I am reading up on creation and evolution. Normally I avoid divisive issues, but I think the evidence for a very old earth and an older universe is compelling and irrefutable, and that the evidence for evolution is nearly as compelling to the point that we can hold both to be true. I continue to read on this, so I'm in a learning mode right now.
God has given us two great books to read: nature and Scripture. Or in the words of Deborah B. & Loren D. Haarsma, from their helpful book, Origins: A Reformed Look at Creation, Design, & Evolution, from God's world and from God's Word. We need to read them both and let them both speak for themselves, never letting one change the other. And we need to remember that the problem lies in us- in our lack of understanding, not in either of the books, when there seems to be contradiction between the two. That book is actually designed for use in churches, and is comprehensive in an introductory way to the issue of origins, and the interplay between faith and science.
From what I gather, much of Charles Darwin's science is good, and has been verified to the point that he is more influential now, near his 200th birthday- February 12- than ever before. Unfortunately he ended up letting his problem with Christianity as he saw it, impact his science to some extent. Although it doesn't impact the main point of it.
The problem that we as Christians have to battle, as I see it, is not differences where Christians lie on this issue, some for example, holding to Young Earth Creationism, as opposed to those of us who hold to a Theistic Evolutionary model. The problem is where an anti-Christian faith has impacted the science of such people, like Richard Dawkins. Their view would be a part of what is called evolutionism. The idea that all can be explained in naturalistic evolutionary terms, so that natural selection makes any notion of a god not only unnecessary, but undesirable. So that we end up battling evolutionism and naturalism, which in themselves are not scientific. By the way, in Richard Dawkins' case, his recent diatribe against faith in God has really undermined his academic standards, according to those who understand the scientific and philosophical issues involved in that, from what I have heard and am gathering.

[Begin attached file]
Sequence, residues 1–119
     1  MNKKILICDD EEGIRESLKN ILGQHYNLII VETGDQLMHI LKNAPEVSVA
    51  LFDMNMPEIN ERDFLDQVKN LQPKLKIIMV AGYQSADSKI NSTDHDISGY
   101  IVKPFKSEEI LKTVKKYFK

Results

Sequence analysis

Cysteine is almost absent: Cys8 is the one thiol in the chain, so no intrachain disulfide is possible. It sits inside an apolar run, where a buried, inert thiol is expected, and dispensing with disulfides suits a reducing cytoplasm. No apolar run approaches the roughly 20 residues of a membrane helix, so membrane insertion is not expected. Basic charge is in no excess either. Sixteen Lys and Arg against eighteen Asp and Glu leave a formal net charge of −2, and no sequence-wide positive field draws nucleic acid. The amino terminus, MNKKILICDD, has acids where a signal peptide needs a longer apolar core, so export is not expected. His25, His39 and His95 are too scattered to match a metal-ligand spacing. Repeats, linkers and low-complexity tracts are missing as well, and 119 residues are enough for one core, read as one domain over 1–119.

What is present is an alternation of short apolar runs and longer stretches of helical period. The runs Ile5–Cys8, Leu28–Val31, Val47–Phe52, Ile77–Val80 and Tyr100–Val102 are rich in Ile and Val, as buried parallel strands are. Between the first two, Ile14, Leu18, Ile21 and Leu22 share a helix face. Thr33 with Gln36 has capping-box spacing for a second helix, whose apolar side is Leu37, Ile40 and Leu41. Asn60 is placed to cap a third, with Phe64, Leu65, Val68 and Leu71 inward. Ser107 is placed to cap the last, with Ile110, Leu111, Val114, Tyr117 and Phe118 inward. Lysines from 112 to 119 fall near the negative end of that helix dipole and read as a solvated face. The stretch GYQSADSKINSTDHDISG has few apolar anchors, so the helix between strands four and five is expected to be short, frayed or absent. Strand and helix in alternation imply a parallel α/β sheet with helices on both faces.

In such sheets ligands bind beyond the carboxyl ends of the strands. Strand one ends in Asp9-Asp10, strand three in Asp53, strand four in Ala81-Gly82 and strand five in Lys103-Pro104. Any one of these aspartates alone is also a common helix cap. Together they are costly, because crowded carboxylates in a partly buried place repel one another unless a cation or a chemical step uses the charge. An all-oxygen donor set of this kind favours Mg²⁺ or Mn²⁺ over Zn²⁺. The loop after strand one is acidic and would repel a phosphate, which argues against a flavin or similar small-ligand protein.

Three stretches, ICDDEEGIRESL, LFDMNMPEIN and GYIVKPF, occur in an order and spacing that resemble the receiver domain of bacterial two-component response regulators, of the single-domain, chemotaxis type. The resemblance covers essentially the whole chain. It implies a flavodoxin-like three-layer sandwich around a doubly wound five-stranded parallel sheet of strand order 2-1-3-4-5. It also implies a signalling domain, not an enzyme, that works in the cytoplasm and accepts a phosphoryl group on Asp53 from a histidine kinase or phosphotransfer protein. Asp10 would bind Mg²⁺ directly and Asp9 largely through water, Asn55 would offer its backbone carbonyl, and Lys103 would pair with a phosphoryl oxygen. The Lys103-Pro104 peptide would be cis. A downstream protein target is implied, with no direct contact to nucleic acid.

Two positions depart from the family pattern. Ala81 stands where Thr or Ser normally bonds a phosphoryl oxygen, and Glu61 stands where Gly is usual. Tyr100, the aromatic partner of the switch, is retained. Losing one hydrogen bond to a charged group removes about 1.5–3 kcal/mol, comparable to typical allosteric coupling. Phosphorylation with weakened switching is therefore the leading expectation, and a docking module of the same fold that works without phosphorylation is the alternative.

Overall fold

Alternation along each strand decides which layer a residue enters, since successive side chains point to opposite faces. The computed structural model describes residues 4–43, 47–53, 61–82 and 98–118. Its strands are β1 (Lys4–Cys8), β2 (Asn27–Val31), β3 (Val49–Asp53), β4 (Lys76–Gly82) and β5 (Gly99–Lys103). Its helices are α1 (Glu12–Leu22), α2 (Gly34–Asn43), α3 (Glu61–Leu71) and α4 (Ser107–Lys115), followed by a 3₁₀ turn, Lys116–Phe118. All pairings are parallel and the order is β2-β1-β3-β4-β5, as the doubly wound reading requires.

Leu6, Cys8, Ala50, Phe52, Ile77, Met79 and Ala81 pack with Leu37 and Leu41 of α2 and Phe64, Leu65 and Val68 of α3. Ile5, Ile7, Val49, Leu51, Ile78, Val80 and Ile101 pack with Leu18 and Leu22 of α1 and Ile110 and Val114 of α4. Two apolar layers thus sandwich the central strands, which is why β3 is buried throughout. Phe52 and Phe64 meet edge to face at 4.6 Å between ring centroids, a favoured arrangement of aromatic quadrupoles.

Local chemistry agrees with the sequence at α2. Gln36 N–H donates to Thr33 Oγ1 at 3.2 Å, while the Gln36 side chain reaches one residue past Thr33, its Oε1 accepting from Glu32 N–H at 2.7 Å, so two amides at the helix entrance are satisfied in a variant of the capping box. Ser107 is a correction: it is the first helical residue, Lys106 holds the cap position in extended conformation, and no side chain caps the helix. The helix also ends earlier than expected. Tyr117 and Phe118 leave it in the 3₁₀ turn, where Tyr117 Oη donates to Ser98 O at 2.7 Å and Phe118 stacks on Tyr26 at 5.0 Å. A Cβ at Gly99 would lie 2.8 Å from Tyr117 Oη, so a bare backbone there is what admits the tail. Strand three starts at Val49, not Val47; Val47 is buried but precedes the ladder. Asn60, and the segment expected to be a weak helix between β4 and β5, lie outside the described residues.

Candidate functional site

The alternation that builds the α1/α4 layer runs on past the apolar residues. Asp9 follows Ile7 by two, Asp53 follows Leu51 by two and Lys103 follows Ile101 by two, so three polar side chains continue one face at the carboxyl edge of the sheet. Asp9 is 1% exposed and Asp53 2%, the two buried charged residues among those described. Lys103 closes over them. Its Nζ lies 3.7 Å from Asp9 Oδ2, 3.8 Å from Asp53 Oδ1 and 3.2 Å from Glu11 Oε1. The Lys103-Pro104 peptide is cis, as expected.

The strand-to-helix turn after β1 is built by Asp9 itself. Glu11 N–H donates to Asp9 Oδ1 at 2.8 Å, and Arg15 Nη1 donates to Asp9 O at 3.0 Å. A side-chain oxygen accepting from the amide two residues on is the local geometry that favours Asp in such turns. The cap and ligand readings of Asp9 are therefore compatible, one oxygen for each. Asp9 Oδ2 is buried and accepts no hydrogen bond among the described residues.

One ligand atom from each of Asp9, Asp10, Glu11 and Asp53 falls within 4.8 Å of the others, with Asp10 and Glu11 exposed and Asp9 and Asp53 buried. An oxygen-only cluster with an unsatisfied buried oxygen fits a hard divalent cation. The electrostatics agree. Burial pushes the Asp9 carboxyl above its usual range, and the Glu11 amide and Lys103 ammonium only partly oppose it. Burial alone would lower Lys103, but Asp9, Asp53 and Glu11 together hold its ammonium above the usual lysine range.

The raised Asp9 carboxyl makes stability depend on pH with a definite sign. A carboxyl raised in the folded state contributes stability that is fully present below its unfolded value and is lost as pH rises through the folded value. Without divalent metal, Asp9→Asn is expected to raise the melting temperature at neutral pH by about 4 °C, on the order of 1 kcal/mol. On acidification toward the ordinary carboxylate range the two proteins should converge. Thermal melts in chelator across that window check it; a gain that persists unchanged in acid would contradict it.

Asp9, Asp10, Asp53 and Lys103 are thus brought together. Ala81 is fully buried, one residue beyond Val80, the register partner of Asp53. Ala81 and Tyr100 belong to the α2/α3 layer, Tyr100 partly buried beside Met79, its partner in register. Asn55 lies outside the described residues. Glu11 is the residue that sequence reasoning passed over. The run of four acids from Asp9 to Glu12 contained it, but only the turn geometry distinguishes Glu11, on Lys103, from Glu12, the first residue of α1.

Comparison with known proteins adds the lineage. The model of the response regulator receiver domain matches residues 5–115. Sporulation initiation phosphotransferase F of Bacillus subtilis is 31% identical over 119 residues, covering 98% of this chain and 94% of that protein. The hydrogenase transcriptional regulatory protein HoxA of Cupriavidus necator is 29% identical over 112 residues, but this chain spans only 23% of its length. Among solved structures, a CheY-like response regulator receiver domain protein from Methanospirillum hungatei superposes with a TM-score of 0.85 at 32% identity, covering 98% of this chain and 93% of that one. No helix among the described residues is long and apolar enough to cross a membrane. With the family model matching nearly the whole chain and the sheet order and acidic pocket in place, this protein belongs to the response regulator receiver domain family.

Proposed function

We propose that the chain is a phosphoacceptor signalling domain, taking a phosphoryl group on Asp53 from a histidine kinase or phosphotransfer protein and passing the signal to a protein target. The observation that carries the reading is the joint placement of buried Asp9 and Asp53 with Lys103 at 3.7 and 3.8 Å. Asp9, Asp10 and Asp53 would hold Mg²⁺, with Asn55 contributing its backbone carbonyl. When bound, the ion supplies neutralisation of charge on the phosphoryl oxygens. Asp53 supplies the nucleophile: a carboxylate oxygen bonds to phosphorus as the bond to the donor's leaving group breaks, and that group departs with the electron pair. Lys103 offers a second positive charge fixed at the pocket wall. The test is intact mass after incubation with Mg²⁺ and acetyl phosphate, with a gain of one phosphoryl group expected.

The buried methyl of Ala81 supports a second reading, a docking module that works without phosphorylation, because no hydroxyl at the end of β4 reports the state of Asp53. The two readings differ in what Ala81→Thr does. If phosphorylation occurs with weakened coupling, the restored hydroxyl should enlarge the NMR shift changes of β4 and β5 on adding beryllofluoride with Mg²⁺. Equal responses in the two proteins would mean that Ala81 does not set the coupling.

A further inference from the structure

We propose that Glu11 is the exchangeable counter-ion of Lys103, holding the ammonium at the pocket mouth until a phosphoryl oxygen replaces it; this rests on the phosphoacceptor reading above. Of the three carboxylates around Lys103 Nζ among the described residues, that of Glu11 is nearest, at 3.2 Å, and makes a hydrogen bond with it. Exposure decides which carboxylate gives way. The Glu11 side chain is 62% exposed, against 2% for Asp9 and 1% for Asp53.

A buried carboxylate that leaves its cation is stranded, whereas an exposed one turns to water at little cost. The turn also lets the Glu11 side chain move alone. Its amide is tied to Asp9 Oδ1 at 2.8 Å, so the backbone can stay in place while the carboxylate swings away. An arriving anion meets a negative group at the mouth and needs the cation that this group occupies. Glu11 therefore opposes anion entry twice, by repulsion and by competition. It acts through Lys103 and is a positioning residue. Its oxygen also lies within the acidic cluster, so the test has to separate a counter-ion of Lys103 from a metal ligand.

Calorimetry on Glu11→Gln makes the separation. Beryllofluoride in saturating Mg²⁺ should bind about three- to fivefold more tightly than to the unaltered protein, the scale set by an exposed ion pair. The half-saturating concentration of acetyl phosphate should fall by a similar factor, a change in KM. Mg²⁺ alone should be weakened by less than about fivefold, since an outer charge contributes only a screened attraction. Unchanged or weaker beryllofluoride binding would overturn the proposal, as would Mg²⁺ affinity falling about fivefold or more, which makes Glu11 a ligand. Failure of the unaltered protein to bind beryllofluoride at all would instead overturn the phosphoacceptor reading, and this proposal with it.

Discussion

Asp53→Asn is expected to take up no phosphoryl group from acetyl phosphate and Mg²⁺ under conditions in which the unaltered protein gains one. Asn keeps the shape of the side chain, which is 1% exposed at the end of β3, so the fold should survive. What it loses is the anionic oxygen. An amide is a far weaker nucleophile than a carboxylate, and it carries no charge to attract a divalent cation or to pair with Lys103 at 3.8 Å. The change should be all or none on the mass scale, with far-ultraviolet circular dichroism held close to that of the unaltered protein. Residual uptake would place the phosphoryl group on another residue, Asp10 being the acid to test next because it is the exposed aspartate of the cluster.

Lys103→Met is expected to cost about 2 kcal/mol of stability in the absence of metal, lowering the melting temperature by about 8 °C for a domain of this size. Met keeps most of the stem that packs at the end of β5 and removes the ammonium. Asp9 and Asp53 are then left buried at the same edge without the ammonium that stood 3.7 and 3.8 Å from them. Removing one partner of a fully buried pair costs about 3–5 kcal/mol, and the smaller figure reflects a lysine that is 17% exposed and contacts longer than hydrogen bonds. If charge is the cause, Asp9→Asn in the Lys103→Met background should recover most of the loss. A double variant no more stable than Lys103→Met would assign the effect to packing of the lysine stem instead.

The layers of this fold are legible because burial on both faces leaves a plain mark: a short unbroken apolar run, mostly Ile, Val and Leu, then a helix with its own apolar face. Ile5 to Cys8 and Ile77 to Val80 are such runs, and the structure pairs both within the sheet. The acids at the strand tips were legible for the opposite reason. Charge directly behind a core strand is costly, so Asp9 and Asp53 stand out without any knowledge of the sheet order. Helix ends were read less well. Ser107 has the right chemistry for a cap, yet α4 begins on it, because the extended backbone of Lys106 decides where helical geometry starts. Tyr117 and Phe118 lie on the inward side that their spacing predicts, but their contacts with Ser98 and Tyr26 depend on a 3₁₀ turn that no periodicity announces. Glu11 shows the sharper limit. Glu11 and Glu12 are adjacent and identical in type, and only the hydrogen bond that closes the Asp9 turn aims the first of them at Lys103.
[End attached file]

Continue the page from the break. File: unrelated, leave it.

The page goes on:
There is more that I intend to read on this. So it's a formative time for me in my understanding on origins. There is so much to say here, and a good place to start is with the book I cite above. It interacts with different Christian views, and it comes out where these two scientists are themselves, both professors at Calvin College. They cover in an introductory fashion scientific and theological issues in this.
(Many of my thoughts here come directly through the book mentioned on this post. I take no credit for originality or first hand learning, here. Strictly based on reading others, and forming judgments from that, and especially in this post, from the book mentioned above.)
What might anyone like to add here?